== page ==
Enrollment dip leads to staff cuts in Concord School District’s $74 million budget

Last modified: 3/16/2014 11:20:21 PM
Continued enrollment decline has prompted Concord School District officials to recommend cutting the equivalent of 12 full-time positions from next year’s budget. Superintendent Chris Rath has proposed a $74.17 million operating budget, $609,500 more than the current budget. Reductions in health care costs and staffing are offset by less state aid, higher special education costs and negotiated pay raises for district employees.

The proposal cuts 6.2 full-time positions at the high school and six classroom teachers from the district’s elementary schools. “The big context to all of this is Concord, like many other districts, is in the process of seeing enrollment decline,” Rath said.

Next year, the district is projected to have 120 fewer students, and as a result, $677,000 less in state adequacy aid. High school enrollment is projected to drop from 1,706 students to 1,597, and the number of K-5 students is expected to decrease by 46. Thirty-five more students will enroll in Concord’s middle schools.

Since 2003, district enrollment has dropped by 689 students in a trend expected to continue until at least 2018, when projections show about 300 fewer students than this year.

“We’ve had to reduce staff over the years, and this year is no different. It’s never easy,” said Clint Cogswell, chairman of the school board.

Declining birth rates, an aging population and fewer young people migrating to New Hampshire continue to drive the drop in public school enrollment.

In 2012, statewide enrollment was 187,963, about 6,000 fewer students than in 2010. “This is a trend,” said Mark Joyce, executive director of the New Hampshire School Administrators Association. “It has caused districts to really rethink their budget, to downsize and stretch for efficiencies and to find new places for revenue.”

In Concord, the personnel changes will save the district $847,418, said Jack Dunn, district business administrator.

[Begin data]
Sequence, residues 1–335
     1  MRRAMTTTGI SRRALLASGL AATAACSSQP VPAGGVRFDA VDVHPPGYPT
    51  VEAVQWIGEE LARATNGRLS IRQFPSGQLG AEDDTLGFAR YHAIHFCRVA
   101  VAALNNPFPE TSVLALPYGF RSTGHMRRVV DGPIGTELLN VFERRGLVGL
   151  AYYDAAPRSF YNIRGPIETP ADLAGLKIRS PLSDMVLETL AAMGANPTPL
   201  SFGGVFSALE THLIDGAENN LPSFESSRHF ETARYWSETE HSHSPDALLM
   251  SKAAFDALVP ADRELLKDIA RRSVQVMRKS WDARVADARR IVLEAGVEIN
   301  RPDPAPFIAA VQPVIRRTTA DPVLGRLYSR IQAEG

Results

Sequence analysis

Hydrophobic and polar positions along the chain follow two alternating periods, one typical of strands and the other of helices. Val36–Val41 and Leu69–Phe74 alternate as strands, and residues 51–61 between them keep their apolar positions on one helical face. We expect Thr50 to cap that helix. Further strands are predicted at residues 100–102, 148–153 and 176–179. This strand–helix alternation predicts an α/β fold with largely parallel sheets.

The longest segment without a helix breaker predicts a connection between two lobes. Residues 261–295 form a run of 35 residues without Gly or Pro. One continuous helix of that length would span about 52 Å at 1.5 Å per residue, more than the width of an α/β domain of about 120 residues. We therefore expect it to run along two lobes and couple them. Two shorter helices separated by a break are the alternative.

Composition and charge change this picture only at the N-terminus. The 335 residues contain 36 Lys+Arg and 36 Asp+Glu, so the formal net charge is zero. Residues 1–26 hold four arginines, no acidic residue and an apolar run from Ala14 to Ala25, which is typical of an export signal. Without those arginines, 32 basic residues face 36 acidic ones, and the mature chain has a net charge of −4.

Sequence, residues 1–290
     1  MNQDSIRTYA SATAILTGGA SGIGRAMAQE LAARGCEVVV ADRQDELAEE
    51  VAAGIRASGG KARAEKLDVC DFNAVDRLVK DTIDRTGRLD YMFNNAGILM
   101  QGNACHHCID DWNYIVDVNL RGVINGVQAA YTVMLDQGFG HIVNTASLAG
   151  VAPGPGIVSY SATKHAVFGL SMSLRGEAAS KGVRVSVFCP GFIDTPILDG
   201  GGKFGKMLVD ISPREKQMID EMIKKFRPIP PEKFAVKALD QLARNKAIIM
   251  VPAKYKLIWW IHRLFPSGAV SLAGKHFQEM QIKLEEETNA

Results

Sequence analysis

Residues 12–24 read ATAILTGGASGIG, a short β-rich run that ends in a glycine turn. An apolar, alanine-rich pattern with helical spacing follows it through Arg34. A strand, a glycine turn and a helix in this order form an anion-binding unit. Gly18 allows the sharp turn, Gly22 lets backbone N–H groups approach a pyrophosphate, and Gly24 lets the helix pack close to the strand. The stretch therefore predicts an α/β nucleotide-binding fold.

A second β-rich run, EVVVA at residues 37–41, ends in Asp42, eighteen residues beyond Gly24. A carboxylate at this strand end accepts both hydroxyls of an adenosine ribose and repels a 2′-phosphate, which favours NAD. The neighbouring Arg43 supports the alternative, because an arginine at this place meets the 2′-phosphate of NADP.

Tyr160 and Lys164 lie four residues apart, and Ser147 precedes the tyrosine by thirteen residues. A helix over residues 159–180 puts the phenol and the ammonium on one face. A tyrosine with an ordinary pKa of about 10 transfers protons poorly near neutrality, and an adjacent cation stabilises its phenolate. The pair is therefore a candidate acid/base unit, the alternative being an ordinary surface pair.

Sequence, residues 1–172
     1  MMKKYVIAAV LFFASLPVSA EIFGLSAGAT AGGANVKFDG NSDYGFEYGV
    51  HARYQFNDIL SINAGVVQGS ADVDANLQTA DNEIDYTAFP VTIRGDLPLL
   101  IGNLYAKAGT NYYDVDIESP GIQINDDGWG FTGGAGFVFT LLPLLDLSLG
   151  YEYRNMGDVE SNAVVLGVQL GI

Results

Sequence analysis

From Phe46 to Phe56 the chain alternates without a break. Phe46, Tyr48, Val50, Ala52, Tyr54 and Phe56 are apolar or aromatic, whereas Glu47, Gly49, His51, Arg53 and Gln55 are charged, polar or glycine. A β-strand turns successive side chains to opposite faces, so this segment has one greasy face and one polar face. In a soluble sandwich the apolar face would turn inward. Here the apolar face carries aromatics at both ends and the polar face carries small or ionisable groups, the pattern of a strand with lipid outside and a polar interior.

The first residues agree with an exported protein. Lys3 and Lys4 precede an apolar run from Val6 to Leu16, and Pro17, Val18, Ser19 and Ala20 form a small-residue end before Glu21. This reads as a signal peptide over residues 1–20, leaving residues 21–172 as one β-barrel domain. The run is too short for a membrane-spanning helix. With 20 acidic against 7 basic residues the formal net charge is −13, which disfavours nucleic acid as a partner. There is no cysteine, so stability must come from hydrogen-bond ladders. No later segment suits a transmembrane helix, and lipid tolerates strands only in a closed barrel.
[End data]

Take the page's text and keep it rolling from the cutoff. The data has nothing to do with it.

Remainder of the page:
Even with the reductions, class sizes will stay in the range of the School Board’s Class Size policy. “Our main goal since I’ve been on the board, and the thing we’ve tried to start with, is maintaining decent class sizes,” Cogswell said. “That’s probably the number one priority of the board.”

The six classroom cuts at the elementary schools will come from across the district. At the high school, they will be made based on class size and course enrollment.

“The question we are always confronted with when we look at enrollment is how many teachers – in full-time equivalents – do we need next year to teach all sections of a particular course,” Rath said.

As an example, she said a teacher who teaches one yearlong class at the high school would be considered as two-tenths of a position. A teacher for a one-semester class is one-tenth of a position, she said. The cuts will be made by cutting from subject areas where fewer students have signed up for courses. At the high school, the district has proposed cutting 1.7 positions in math, 1.4 in social studies, 1.4 in English and one science position.

If the budget passes as presented, next year’s local and state school tax rate would be $14.08 per $1,000 of assessed property value, compared to $13.55 this year.

The district will pay $7.99 million in health insurance, a decrease of $498,486 – or nearly six percent – over the current year, because of an increase in employee contributions from teachers and educational and administrative assistants, a reduction in premiums and a switch to a Consumer-Driven Health Plan.

The budget has a $748,782 increase, or 1.93 percent, in salaries, due mostly to negotiated salary increases for administrators, teachers, administrative assistants, custodians, food service staff, bus drivers and transportation. The district’s eight collective bargaining units are currently under contract. Five of those will end next year.

There is a proposal for $240,000 to provide a full-time behavioral specialist in each elementary school, as well as specialized training during the summer and school year for staff working with students with severe behavioral challenges. We have seen in the last few years, very young children in kindergarten and first grade having challenges,” she said.

Public hearings on the budget are scheduled for tonight at 7 at the Mill Brook School on South Curtisville Road and Wednesday at 5:30 p.m. at the central office on Liberty Street. The school board will vote on a preliminary budget March 26 at 5:30 p.m. in the central office building.

(Iain Wilson can be reached at 369-3313 or iwilson@cmonitor.com.)

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